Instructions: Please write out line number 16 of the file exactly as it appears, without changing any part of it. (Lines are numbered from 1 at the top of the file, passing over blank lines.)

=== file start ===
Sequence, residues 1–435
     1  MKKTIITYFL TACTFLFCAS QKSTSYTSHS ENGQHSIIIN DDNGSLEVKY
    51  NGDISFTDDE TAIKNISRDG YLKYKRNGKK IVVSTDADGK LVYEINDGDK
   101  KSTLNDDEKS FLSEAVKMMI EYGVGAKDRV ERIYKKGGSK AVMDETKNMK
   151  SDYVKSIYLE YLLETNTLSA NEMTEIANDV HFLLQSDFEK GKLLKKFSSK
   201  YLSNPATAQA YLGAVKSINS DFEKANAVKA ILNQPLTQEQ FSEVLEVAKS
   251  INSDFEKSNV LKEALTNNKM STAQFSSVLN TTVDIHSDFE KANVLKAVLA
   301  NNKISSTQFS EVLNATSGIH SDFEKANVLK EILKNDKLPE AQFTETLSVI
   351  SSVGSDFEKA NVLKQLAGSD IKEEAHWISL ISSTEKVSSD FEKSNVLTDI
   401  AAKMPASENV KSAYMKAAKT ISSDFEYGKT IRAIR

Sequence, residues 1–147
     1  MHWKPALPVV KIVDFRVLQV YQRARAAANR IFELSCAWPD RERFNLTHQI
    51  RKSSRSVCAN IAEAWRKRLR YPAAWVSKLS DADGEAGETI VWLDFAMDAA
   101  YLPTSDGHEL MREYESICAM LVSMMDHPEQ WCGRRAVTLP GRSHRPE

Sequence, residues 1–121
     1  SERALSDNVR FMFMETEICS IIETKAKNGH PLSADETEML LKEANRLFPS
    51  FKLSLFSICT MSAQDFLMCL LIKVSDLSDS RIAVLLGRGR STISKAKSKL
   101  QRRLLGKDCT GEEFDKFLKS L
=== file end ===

     1  SERALSDNVR FMFMETEICS IIETKAKNGH PLSADETEML LKEANRLFPS